Tears of the Sun (2003)

R   |    |  Action, Drama, Thriller


Tears of the Sun (2003) Poster

A Special-Ops commander leads his team into the Nigerian jungle in order to rescue a doctor who will only join them if they agree to save 70 refugees too.


6.6/10
111,067

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  • Fabrice Yahve Habimana Jr. in Tears of the Sun (2003)
  • Monica Bellucci in Tears of the Sun (2003)
  • Bruce Willis in Tears of the Sun (2003)
  • Cole Hauser in Tears of the Sun (2003)
  • Bruce Willis and Monica Bellucci in Tears of the Sun (2003)
  • Akosua Busia in Tears of the Sun (2003)

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22 July 2005 | cooperaitaliano
9
| A very powerful and authentic film with a strong moral theme
This film was simply incredible. I didn't see it at the cinema, which upon seeing it later on DVD release, regretting missing first time round.

It made some incredibly powerful statements and was very difficult to watch. I rarely admit to this, but I actually found parts of it so moving, that I cried! And I never cry.

The choice of Bruce Willis was a good one and he plays a deeply conflicted character, he plays him with depth. I have seen Monica Belucci in films before. She is an incredibly gifted actress and she really believed in this project. Her character comes across as having strong religious and moral convictions, prepared to die to help and protect others. This comes across in the decisions she takes and the willingness to stand strong under pressure.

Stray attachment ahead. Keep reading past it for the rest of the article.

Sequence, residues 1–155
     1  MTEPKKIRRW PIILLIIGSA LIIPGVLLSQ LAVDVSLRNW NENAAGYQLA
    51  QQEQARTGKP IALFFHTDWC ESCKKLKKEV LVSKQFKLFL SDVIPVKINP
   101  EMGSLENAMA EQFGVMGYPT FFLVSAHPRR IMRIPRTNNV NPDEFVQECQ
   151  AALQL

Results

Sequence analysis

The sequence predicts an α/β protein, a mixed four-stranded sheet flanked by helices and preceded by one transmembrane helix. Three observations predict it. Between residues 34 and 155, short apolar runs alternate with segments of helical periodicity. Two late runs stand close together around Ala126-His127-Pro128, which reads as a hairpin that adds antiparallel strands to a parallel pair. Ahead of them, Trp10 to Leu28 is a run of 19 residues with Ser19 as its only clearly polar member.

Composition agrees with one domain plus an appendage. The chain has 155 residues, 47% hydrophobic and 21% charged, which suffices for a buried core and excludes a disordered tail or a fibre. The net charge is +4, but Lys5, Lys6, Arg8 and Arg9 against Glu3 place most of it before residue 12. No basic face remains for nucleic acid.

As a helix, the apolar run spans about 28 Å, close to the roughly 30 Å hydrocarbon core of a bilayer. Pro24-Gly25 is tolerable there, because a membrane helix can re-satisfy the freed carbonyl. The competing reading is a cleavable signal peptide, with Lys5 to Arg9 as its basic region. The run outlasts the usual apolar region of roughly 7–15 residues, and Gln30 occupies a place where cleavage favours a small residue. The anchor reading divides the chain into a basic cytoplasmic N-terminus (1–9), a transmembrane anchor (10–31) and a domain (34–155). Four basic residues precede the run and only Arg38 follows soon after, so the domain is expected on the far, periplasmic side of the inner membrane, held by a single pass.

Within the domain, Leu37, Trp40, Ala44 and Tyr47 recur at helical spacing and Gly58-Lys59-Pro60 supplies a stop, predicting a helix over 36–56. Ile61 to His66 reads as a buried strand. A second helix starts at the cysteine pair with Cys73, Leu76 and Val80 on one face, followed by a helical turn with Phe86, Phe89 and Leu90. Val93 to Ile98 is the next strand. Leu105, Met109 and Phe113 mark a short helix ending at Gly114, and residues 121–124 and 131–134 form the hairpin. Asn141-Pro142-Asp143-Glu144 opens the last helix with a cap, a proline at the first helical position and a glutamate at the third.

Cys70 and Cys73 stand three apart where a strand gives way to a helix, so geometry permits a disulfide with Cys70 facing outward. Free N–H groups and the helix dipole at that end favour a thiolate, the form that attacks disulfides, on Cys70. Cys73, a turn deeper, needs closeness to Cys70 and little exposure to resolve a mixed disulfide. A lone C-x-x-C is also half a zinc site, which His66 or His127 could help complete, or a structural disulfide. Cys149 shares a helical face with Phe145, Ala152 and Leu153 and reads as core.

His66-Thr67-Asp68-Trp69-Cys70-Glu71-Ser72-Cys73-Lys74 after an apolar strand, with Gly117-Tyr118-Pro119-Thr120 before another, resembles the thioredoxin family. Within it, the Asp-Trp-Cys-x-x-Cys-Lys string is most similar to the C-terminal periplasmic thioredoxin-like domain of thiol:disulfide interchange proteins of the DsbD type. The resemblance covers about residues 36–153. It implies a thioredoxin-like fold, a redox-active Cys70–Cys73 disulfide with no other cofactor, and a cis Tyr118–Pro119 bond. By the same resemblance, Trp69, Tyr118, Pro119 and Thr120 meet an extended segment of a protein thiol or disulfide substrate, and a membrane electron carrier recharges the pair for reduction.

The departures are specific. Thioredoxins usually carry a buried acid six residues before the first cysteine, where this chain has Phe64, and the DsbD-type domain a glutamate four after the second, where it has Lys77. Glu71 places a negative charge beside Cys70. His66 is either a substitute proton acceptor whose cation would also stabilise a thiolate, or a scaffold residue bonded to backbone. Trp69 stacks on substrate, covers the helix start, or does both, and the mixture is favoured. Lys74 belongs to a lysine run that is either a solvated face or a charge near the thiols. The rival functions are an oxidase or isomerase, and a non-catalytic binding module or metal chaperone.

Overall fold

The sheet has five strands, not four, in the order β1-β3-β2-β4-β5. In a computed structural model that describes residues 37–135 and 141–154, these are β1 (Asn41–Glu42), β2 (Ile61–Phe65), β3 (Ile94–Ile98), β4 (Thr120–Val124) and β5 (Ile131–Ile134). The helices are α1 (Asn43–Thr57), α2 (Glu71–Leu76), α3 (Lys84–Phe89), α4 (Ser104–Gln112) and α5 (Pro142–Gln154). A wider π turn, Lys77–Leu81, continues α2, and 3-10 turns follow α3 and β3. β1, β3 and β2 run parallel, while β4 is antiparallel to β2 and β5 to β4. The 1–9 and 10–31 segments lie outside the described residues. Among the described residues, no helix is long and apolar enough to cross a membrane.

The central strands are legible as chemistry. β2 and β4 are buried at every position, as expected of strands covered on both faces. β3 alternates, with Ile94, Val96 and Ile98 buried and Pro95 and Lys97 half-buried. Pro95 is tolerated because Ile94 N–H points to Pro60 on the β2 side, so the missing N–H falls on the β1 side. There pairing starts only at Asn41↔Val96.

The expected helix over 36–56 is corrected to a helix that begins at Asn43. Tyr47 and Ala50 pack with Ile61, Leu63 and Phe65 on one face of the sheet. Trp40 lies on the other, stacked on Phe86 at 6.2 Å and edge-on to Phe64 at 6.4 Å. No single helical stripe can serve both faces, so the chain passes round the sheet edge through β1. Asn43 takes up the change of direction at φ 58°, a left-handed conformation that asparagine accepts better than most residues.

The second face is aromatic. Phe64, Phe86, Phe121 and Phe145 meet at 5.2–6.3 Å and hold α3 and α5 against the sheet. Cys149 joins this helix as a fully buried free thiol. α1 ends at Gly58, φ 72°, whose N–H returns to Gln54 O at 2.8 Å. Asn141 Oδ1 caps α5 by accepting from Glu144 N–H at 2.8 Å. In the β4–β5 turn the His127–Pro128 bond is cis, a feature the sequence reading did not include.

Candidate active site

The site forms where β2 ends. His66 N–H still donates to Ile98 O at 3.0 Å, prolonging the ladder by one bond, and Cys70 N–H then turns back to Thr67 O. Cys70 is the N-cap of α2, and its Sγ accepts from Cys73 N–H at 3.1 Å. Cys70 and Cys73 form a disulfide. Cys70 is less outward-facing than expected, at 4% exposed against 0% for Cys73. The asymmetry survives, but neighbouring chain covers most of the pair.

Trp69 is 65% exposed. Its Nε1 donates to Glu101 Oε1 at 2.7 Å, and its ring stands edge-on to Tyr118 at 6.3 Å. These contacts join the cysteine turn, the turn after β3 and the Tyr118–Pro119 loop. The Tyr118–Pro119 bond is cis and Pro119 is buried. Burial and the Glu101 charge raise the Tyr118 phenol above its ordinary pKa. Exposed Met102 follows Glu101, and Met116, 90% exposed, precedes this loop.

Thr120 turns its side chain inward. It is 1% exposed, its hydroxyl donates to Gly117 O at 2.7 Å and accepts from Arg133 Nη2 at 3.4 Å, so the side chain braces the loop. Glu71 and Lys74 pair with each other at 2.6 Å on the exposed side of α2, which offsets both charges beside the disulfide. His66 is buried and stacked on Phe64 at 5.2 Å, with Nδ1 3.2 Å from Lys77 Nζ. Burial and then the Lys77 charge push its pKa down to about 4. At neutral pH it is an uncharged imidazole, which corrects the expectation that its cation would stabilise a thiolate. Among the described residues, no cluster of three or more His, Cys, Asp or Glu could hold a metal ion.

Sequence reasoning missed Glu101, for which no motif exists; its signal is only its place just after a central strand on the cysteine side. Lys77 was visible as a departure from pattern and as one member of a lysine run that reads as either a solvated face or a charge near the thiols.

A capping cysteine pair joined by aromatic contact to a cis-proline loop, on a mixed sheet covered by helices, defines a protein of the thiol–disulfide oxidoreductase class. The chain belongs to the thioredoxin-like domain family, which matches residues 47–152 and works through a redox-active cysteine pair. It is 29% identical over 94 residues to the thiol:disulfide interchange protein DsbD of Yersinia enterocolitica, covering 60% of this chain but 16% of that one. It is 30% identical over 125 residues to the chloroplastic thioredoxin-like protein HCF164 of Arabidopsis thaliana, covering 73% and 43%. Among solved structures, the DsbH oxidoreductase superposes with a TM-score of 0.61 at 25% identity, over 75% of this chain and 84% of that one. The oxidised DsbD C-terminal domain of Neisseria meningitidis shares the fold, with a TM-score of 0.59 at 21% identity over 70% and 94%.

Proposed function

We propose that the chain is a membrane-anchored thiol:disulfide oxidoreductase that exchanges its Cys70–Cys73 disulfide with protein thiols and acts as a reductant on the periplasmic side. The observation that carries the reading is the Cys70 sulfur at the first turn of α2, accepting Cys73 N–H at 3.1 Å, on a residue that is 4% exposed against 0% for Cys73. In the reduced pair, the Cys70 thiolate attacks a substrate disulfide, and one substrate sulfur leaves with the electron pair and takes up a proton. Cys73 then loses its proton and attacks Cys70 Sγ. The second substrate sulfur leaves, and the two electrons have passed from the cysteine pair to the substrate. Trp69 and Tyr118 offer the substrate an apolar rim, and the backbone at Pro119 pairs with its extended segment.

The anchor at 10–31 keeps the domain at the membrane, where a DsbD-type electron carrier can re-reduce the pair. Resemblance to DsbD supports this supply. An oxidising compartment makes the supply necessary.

Having seen the Documentary on the special features section of the DVD afterwards, I could see the incredible lengths that everyone attached to the filming went to. Each of the actors playing Seal Team members, went through some very authentic training in preparation and stayed in character outside of filming during the day. Given the commitment of all those attached to the film, I can see why the film is what it is.

The director, Antoine Fuqua, from the films I have seen in which he directed, brings a strong moral theme to his characters and the story. The whole visual manner of filming, camera angles, close ups etc adds to the intensity here.

The choice of filter during filming, that gives a subdued and darker feeling visually, was perfect. The use of Africans as extras was an interesting and a suitable choice, given their backgrounds. Many of these extras were showing genuine emotions which was captured on camera, as they relived traumatic moments in their lives when certain scenes were filmed.

On that note, one scene in particular made for very difficult viewing, but totally in context and I would expect it would provoke a strong reaction from viewers, for good reason. The actual combat scenes are kept selectively short and in context to the overall film. They are also very realistic.

The soundtrack was well suited and complimented the whole overall feel to the film. I would not say that this film was entertaining, it is very hard to watch but it is an example of good film that will challenge everyone who watches it and who has a conscience.

After seeing this film, as with Hotel Rwanda and Tears of the Sun, I am constantly reminded of our individual and collective moral responsibilities in the 'civilised Western World' when atrocities are committed. And it sits badly with my conscience that 'we' in the West do so little and so late in trying to stop such genocide from happening. I for one think that every adult should see it.

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